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Contacts: Chelsea Whyte, (631) 344-8671 or Peter Genzer, (631) 344-3174printer iconPrint

IOS Press, publisher of Biomedical Spectroscopy and Imaging, issued the following news release on Wednesday, August 21. The work was completed at the National Synchrotron Light Source at the U.S. Department of Energy's Brookhaven National Laboratory, led by Brookhaven biophysical chemist Lisa Miller. 

For more information about Brookhaven's role, contact Chelsea Whyte, cwhyte@bnl.gov, 631-344-8671, or Peter Genzer, genzer@bnl.gov, 631-344-3174.

IOS Press Media Contact: Esther Mateike, e.mateika@iospress.nl, +31 20 688 3355

Elevated Levels of Copper in Amyloid Plaques Associated with Neurodegeneration in Mouse Models of Alzheimer's Disease

Findings Published in Biomedical Spectroscopy and Imaging Suggest Excess Copper May Be Neurotoxic or at Least Indicative of Early Abnormality

Amsterdam, NL, 21 August 2013 – Metals such as iron, copper, and zinc are important for many biological processes. In recent years, studies have shown that these nutritionally-essential metals are elevated in human Alzheimer's disease (AD) brains and some animal models of AD. Scientists are now exploring whether these metals are causing the neurodegeneration seen in AD or are indicative of other ongoing pathologic processes. 

In a new study, investigators used synchrotron x-ray fluorescence microscopy to image metal ions in the brain, focusing on the amyloid plaques that are the hallmark of AD.  They found that, in two AD mouse models that exhibit neurodegeneration, the plaques contained about 25% more copper than an AD mouse model that shows little neurodegeneration. Looking at other metals, they found that none of the mouse models had significant increases in iron and very little increases in zinc. Metal content was not related to the age of the plaque. The study is reported in the current issue of Biomedical Spectroscopy and Imaging

"Since excess copper should not be 'free' in the brain to bind to the plaques, these data suggest that the cellular control of copper is altered in AD, which may lead to toxic reactions between free copper ions and neurons," comments lead investigator Lisa M. Miller, PhD, a biophysical chemist in the Photon Sciences Directorate at Brookhaven National Laboratory. In previous work, Dr. Miller's group found very high levels of copper in human AD plaques. 

Since elevated iron in the AD brain is well documented in both human brains and AD mouse models, the researchers measured iron content in the cortex of all three mouse models. They found that iron content was doubled in all AD mouse model cortices compared to controls, whether or not the models showed neurodegeneration. Upon further investigation, spectroscopic data revealed that the excess iron was present in the ferric (oxidized) state and consistent with the iron storage protein ferritin. "The increase in iron may be a reflection of changes in metalloprotein content and metal storage within the brain that is not well understood," says Dr. Miller.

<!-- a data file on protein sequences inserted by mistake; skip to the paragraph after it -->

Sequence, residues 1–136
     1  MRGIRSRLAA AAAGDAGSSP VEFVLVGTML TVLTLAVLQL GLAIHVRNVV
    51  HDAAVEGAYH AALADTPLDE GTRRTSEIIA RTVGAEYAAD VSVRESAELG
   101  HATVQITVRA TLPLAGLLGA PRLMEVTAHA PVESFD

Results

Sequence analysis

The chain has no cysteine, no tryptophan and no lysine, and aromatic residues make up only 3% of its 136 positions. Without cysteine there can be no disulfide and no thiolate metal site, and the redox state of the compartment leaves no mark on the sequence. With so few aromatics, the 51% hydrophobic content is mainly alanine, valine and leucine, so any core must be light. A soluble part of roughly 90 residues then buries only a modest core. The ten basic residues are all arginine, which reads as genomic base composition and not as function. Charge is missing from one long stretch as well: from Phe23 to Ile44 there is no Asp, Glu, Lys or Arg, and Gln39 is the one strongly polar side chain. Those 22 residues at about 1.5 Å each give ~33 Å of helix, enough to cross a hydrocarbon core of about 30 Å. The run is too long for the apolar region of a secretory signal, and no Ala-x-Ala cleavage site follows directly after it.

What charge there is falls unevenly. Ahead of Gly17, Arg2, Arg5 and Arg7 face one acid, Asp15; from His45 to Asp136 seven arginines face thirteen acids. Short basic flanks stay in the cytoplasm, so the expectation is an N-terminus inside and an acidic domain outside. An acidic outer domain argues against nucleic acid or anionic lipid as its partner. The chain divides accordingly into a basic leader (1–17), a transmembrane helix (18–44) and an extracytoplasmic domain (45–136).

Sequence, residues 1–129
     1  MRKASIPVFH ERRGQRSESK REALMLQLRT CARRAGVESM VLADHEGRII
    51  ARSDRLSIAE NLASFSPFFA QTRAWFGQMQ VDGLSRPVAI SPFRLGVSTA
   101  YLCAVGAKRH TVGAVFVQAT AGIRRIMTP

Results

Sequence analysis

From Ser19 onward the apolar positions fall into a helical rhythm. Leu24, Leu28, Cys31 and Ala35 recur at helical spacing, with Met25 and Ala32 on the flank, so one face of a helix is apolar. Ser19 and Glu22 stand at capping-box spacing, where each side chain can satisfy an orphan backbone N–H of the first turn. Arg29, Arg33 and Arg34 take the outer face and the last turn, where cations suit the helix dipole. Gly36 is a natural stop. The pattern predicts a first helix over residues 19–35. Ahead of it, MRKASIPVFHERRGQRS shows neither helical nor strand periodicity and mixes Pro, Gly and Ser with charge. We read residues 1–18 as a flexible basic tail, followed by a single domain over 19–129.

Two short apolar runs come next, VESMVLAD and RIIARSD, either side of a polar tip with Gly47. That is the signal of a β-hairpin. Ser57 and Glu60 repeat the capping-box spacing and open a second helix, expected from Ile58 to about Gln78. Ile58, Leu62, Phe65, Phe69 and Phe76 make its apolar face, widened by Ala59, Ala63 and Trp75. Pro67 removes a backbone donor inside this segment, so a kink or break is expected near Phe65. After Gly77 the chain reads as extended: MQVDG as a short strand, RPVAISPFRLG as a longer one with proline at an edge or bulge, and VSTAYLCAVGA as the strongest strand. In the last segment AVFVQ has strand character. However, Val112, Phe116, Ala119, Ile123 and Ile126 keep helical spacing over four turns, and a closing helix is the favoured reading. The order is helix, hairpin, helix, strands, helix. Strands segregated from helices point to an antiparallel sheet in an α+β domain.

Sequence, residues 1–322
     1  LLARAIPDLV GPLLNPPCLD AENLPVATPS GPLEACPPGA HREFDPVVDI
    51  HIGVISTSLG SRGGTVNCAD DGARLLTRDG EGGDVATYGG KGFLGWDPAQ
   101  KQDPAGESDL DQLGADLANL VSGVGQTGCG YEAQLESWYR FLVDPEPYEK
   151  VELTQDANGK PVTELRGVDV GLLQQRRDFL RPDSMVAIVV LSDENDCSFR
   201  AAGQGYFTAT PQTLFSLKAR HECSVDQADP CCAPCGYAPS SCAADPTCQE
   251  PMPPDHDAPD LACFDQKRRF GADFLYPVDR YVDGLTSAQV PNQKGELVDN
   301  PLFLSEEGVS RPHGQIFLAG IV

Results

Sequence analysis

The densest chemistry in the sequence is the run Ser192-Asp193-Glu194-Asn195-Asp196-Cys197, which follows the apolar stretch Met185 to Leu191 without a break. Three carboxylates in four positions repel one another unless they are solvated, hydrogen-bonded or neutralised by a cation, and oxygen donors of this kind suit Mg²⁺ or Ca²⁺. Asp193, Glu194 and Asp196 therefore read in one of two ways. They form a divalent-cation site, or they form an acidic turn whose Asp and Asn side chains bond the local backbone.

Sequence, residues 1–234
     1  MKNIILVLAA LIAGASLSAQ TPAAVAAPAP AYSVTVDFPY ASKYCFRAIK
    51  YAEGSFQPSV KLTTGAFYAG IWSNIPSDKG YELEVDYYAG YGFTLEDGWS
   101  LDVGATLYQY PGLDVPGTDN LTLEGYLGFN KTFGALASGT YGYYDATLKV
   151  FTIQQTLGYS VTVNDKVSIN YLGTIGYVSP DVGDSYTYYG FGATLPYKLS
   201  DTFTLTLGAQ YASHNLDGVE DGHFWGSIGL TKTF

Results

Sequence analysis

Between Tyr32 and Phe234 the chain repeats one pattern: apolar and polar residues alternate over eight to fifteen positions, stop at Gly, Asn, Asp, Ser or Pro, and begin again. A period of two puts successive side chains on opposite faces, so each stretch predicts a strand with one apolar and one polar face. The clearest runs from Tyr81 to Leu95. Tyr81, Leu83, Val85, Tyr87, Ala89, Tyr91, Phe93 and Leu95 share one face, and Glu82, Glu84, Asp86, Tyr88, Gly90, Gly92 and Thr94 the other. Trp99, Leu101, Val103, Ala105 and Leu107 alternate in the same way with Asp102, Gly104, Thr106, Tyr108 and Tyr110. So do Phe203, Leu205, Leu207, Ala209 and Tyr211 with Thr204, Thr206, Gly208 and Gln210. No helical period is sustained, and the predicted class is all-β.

Nevertheless, since iron in ferromagnetic and detectable through MRI, Dr. Miller suggests that in the future iron may be used as a biomarker for AD at early stages of disease, even before plaques are formed.  

This work was completed at the National Synchrotron Light Source, beamlines X27A and X3B at Brookhaven National Laboratory.

Notes For Editors

"Elevated copper in the amyloid plaques and iron in the cortex are observed in mouse models of Alzheimer's disease that exhibit neurodegeneration," by Megan W. Bourassa, Andreana C. Leskovjan, Ryan V. Tappero, Erik R. Farquhar, Carol A. Colton, William E. Van Nostrand, and Lisa M. Miller. Biomedical Spectroscopy and Imaging, Volume 2/Issue 2. DOI: 10.3233/RNN-120303. Published by IOS Press.

Full text of the article is available to credentialed journalists upon request. Contact Esther Mateike, IOS Press, at +31 20 688 3355 or e.mateike@iospress.nl. Journalists wishing to interview the authors should contact Chelsea Whyte at 631-344-8671 or cwhyte@bnl.gov.

About Biomedical Spectroscopy and Imaging (BSI)

Biomedical Spectroscopy and Imaging is dedicated to providing a single forum for experts in spectroscopy and imaging as applied to biomedical problems, and also for life scientists who use these powerful methods for advancing their research work. BSI aims to promote communication, understanding and synergy across the diverse disciplines that rely on spectroscopy and imaging. It also encourages the submission of articles describing development of new devices and technologies, based on spectroscopy and imaging methods, for application in diverse areas including medicine, biomedical science, biomaterials science, environmental science, pharmaceutical science, proteomics, genomics, metabolomics, microbiology, biotechnology, genetic engineering, nanotechnology, etc. www.iospress.com/journal/biomedical-spectroscopy-and-imaging 

About IOS Press

Commencing its publishing activities in 1987, IOS Press serves the information needs of scientific and medical communities worldwide. IOS Press now (co-)publishes over 100 international journals and about 130 book titles each year on subjects ranging from computer sciences and mathematics to medicine and the natural sciences.

IOS Press continues its rapid growth, embracing new technologies for the timely dissemination of information. All journals are available electronically and an e-book platform was launched in 2005. 

Headquartered in Amsterdam with satellite offices in the USA, Germany, India and China, IOS Press has established several strategic co-publishing initiatives. Notable acquisitions included Delft University Press in 2005 and Millpress Science Publishers in 2008.

2013-1569  |  Media & Communications Office

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